During the testimony before the CON Task Force, NCSL did an excellent job providing a national perspective of CON laws and what these laws are intended to accomplish. NCSL staff highlighted recent state legislation impacting CON laws.3
Other presenters proposed specific changes to the CON laws, without advocating for repeal. For example, the Kentucky Hospital Association (“KHA”) submitted a CON Modernization plan, which the KHA described as “common-sense proposals.” The KHA plan includes the following:
- Reform the CON application and appeal process.
- Allow providers to file applications at any time (rather than only during certain “batching cycles").
- Reduce length of hearings by simplifying the hearing requirements (some CON hearings can last weeks and are more like “mini trials”).
- Make non-substantive CON decisions final with limitations on appeal rights.
- Streamline administrative process by shortening the time between filing an application and final decision.
- Provide flexibility for existing Kentucky hospitals to improve patient service.
- Allow for expedited non-substantive CON review for adult, medical, and geriatric psychiatric beds under certain conditions.
- Allow for expedited non-substantive review for Kentucky hospitals with accredited cancer centers to acquire megavoltage radiation therapy and PET equipment.
- Allow hospitals that operate emergency departments (and are therefore subject to EMTALA requirements) to qualify for expedited review to acquire MRI equipment. Allow existing Kentucky hospitals to replace worn equipment without requiring a CON.
- Allow rural emergency hospitals to convert back to an acute care hospital without the need for a new CON.
- Eliminate the sunset provision for new ambulance services that was established in HB 777 (2021), which would allow for continued flexibilities to add new services.
- Retain formal review for the following:
- Building new hospitals/adding new hospital beds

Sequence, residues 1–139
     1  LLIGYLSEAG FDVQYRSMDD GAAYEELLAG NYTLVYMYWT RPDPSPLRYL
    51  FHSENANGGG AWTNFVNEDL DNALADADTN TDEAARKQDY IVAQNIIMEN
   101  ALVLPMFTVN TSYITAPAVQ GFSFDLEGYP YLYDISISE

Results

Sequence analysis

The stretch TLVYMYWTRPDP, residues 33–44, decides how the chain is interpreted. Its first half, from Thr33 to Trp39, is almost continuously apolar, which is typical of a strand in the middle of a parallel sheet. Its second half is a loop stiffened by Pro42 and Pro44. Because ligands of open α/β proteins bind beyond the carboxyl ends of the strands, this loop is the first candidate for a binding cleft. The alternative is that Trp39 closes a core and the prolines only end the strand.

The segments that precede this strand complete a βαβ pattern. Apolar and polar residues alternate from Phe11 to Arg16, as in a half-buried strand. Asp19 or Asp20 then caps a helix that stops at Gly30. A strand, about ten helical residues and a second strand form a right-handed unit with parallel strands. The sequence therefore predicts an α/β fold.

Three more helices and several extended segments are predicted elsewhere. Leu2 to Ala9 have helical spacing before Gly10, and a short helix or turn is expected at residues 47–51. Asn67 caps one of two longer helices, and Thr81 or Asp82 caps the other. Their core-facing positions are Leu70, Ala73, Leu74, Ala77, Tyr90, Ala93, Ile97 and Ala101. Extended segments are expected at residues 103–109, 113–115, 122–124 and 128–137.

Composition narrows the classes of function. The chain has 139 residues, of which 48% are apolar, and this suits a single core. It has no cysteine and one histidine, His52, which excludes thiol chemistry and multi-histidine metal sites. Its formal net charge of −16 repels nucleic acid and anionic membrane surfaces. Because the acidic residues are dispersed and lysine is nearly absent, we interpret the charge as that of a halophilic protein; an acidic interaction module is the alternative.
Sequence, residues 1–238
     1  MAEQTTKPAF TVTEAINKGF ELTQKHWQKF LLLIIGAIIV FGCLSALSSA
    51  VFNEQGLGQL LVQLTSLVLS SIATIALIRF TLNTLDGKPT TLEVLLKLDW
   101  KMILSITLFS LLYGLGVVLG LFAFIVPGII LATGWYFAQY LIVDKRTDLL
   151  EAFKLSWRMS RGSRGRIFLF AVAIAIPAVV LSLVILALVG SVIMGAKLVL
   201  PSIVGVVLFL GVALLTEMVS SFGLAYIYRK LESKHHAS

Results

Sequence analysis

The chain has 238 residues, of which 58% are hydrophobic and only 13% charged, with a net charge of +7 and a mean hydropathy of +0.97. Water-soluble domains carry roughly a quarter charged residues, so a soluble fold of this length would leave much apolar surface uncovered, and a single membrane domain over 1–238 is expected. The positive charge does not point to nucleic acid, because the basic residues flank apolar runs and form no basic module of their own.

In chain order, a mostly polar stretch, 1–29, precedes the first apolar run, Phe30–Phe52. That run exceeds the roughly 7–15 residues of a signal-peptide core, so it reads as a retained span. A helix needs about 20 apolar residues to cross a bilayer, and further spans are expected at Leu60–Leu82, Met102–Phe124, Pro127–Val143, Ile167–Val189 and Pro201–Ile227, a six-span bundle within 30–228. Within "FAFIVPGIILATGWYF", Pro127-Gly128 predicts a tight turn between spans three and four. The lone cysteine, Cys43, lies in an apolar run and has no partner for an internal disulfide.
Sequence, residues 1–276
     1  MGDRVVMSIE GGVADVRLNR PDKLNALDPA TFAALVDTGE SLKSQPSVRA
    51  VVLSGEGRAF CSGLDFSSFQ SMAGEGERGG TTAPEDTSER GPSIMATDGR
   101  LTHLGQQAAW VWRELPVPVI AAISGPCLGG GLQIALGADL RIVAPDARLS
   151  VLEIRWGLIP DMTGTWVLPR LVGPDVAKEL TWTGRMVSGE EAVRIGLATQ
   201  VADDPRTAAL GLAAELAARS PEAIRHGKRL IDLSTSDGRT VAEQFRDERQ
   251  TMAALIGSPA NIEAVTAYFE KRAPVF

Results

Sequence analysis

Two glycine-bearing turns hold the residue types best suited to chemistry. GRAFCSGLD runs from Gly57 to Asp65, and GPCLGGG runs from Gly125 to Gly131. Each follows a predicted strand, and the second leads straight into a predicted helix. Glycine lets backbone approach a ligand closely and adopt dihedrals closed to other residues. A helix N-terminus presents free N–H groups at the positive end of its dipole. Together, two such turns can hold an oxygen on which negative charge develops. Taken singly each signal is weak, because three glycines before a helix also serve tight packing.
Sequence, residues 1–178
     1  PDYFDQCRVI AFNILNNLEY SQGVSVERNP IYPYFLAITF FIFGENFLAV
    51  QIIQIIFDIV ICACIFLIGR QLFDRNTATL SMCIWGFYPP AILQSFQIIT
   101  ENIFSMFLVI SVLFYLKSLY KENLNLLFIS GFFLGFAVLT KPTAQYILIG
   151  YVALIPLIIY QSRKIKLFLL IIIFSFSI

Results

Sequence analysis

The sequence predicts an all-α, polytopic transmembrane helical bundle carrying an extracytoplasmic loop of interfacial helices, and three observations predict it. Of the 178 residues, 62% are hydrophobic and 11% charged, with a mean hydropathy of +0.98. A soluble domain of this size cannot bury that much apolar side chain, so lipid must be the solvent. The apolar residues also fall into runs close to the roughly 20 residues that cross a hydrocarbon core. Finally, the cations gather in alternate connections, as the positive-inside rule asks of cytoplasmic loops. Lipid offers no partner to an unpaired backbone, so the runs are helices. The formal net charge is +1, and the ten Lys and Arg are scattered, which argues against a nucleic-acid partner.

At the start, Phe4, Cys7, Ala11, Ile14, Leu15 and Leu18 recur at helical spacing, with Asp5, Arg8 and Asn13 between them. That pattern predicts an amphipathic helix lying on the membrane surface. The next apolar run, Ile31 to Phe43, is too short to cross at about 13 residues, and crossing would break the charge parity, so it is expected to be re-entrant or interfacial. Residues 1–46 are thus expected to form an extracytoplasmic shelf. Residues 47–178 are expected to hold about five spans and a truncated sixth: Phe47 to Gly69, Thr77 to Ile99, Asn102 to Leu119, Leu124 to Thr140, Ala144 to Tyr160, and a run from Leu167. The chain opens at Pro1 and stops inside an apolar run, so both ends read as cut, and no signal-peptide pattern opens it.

- Neo-natal Intensive Care Units (NICUs)
- Ambulatory Surgical Centers (ASCs)
- Open Heart Surgery and Cardiac Catheterization
- Organ Transplantation
- Megavoltage Radiation Therapy and Positron Emission Tomography
- Establish Formal Review for free-standing birthing centers.
One of the loudest voices for repeal of CON laws is Americans for Prosperity (“AFP”). In their testimony before the CON Task Force, AFP called CON laws “anti-competitive” and maintained that in states that have repealed or reformed CON laws, “the sky hasn’t fallen” and those states have “seen more capital investment, especially in suburban areas.”4
The CON Task Force also accepted public comments until September 1, 2023. A total of 163 comments were submitted for the CON Task Force’s consideration. Similar to the testimony at the task force meetings, the comments included both supporters and detractors of Kentucky’s CON laws.
So, what can we expect from the 2024 Kentucky General Assembly regarding changes to Kentucky's CON laws? LRC no longer publishes pre-filed bills—so we will not know until after the session starts and bills are filed if there will be an attempt to reform or repeal Kentucky’s CON laws. Based on the discussions during the Interim Session and previously filed legislation, there is interest among some legislators to repeal Kentucky’s CON program. However, it is more likely that any successful legislation will target geographic need, which includes supporting rural providers, and focusing on certain services such as birthing centers.
Given the sharp division of opinion, the result is unpredictable and the debate will likely continue across a number of future legislative sessions. The outcome—whether repeal, modification, or retention of the current CON framework—will have enormous ramifications for the delivery of healthcare for Kentuckians.
1Brief: “Certificate of Need State Laws,” found at Intent and Structure of CON.
2The CON Task Force meeting materials are available on the LRC website at Committee Details - Legislative Research Commission (ky.gov).
3NCSL’s Certificate of Need State Laws (ncsl.org) page is an excellent resource for a state-by-state comparison of CON laws.
4August 21, 2023, AFP-KY Testimony, found at here.